Now, let’s go back a little further and recall Mulan. Who doesn’t remember the legendary Hua Mulan, a Chinese female warrior who has the hearts of many. She’s known for her bravery during a war.
Our next choice is DC’s Gotham queen, Harley Quinn, who is nothing short of crazy and wild when it comes to tricks. Of course, she’s a villain, but that’s what lands her on this list. While it seems like she only babbles on, don’t be fooled because she can still beat someone to a pulp, and we’ve seen that in the Elevator Fight Scene.
Last but not least, DC’s famous Wonder Woman first made her debut in 1941, and we’ve seen her evolve into a magnificent warrior. She has many iconic fight scenes, and the one that comes to mind is when she rescues Superman and Batman in Batman v Superman: Dawn of Justice,
Special Effects for Fight Scenes
Video games and cartoons, in my opinion, have always had more skilled fight scenes. For example, the Batman Arkham video game series has the most amazing fight scenes that any Batman fan can ask for. We think it’s better than the movies. Other games such as Metal Gear Solid, UFC, Spider-man, and other action-oriented games have been awesome. Even though it’s a video game, some of those moves are real.
Speaking of reality, some of these moves can be used in real life. It all depends on how you use it. Even though Batman is a fictional character, his primary style (ninjutsu) is real. He’s another great example of an on-screen mixed martial arts character, and so are his sidekicks.
Special effects also play a role in how fight scenes are done. Depending on the director, some like to use green screens and special effects to spice things up. Some, such as Christopher Nolan, like to use reality; in the Dark Knight Rises, it was all real.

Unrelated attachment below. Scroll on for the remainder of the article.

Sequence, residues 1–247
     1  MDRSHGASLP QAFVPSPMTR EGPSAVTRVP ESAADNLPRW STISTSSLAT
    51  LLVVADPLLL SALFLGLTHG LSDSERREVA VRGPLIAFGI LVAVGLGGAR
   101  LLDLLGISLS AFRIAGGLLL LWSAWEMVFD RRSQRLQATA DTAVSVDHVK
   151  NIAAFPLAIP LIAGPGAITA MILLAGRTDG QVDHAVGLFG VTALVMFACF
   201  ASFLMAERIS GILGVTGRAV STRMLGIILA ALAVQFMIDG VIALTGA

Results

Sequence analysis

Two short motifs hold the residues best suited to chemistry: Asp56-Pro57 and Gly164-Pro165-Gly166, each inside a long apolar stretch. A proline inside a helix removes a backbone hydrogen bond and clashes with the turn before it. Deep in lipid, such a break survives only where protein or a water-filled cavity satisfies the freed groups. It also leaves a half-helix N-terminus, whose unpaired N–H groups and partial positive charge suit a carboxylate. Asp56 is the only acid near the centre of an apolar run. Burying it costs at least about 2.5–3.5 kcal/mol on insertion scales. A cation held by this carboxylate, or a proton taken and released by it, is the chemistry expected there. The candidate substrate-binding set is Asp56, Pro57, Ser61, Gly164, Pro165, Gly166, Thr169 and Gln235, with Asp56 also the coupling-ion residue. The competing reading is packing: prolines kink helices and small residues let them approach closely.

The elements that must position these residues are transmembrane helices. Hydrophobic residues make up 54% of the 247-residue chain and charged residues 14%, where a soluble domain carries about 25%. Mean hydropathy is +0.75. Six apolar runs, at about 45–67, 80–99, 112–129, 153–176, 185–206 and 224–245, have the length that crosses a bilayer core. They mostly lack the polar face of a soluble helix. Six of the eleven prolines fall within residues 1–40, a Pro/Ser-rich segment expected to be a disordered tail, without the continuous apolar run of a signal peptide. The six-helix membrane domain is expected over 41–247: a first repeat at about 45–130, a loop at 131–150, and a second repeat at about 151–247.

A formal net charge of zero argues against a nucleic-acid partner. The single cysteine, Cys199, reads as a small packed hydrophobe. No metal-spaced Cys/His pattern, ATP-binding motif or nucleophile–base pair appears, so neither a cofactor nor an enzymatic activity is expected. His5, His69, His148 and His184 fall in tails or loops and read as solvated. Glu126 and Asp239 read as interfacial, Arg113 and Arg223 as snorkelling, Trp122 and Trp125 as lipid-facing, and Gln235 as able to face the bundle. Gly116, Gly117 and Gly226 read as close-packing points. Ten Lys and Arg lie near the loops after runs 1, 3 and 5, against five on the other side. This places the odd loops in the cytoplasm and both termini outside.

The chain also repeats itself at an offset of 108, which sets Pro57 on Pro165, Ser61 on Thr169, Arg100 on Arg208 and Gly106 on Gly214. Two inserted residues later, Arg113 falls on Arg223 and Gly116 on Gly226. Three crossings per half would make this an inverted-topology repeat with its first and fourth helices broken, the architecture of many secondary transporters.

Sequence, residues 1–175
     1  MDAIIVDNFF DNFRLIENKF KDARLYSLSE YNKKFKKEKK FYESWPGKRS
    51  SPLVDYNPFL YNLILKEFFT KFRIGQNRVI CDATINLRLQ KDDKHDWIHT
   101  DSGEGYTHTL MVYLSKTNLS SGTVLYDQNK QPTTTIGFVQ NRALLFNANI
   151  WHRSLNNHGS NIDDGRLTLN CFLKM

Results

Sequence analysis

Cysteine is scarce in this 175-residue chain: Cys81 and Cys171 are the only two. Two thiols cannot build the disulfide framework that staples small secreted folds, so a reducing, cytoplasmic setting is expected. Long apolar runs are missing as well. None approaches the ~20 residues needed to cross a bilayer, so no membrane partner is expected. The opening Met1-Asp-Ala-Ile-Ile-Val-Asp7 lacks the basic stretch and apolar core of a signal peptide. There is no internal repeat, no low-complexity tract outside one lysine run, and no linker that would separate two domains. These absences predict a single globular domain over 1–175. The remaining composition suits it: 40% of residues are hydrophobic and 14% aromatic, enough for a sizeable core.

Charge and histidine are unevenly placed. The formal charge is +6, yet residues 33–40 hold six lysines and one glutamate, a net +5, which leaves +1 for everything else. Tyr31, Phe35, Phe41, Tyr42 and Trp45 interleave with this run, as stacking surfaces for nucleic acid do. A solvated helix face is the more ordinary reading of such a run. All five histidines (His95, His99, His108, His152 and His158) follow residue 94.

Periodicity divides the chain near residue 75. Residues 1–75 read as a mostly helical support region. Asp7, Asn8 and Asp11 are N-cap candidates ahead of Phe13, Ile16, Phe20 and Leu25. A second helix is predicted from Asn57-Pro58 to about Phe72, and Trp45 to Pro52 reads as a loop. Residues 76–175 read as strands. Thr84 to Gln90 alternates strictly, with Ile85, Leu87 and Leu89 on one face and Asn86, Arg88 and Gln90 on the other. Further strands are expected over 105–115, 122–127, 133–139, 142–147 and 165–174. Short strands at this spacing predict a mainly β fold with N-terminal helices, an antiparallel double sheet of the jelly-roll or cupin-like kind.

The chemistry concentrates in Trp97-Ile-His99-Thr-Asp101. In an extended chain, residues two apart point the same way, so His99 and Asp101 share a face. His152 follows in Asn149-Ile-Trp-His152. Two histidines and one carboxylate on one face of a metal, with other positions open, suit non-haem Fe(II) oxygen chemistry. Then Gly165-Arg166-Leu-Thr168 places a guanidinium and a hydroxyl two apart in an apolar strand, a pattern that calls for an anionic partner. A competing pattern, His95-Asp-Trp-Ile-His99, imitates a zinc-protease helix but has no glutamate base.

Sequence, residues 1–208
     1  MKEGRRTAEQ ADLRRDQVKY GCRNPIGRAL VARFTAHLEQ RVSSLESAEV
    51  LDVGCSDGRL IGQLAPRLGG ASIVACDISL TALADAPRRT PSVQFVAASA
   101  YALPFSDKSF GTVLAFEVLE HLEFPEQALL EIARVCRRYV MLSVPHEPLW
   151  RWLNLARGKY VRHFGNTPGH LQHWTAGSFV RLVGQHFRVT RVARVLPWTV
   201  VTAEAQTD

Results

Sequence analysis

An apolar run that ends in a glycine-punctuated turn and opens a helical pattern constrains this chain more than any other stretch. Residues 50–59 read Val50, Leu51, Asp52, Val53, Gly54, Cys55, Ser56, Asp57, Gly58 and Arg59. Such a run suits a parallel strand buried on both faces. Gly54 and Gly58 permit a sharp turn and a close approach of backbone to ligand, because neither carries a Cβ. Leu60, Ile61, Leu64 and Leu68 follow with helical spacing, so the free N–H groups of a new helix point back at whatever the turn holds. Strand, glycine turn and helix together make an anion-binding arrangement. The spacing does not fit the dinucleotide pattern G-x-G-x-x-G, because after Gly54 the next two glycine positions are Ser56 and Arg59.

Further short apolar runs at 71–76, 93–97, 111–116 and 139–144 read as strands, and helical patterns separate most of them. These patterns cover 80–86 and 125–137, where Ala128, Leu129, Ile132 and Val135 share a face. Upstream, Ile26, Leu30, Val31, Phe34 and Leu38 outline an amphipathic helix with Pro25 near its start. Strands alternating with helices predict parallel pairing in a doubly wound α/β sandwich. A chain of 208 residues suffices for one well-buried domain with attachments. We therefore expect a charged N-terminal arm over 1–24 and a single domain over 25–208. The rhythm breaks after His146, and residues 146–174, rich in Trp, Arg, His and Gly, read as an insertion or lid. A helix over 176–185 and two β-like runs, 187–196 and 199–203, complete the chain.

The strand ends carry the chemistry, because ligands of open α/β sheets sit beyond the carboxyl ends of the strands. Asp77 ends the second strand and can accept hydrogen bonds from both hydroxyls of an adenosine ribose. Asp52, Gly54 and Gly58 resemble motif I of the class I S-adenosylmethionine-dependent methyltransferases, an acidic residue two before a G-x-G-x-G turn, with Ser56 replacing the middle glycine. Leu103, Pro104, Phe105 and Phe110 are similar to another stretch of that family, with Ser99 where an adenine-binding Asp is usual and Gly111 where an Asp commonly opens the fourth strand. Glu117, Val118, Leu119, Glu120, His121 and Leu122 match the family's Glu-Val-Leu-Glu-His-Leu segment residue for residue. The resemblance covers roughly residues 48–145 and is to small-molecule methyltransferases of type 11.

In Batman Vs. Superman, it was green screen and special effects; however, the fight scenes in BvS were excellent though. The audience can tell the difference between reality and special effects because sometimes it’s too obvious.
Like I stated earlier, fight scenes have evolved into a more technical piece of art. A piece of advice that some action actors and choreographers would give to future action actors and stunt performers is to have “tempo.” Once the scene is put together, the audience will see that tempo. An actor’s performance is their testimony.
Fight scenes are not easy to put together; they take time, energy, patience, and training. Timing and reactions are everything. If the strikes and reactions are done too soon or too late, it will throw everything off. That’s where the patience comes in. Stunt Coordinator Arnold Chon advises to “start slow” when rehearsing a fight. Even in the editing room, editing a fight scene takes tedious work. One wrong move and the whole equation is wrong, one wrong move, and you get beat down, one mistake and the editing won’t be flawless. It all blends together.
That’s what’s cool about having mixed fighting styles on screen. It all blends together because, during a fight scene, blending is everything. It makes the scene a lot smoother. The audience likes that, especially in superhero movies where all the fancy fights are cool. But, it also depends on the character, the storyline; every fight scene does not have to or need to be fancy.
Overall, some fight scenes make the movie. And some don’t. When it comes down to it, it all depends on the storyline.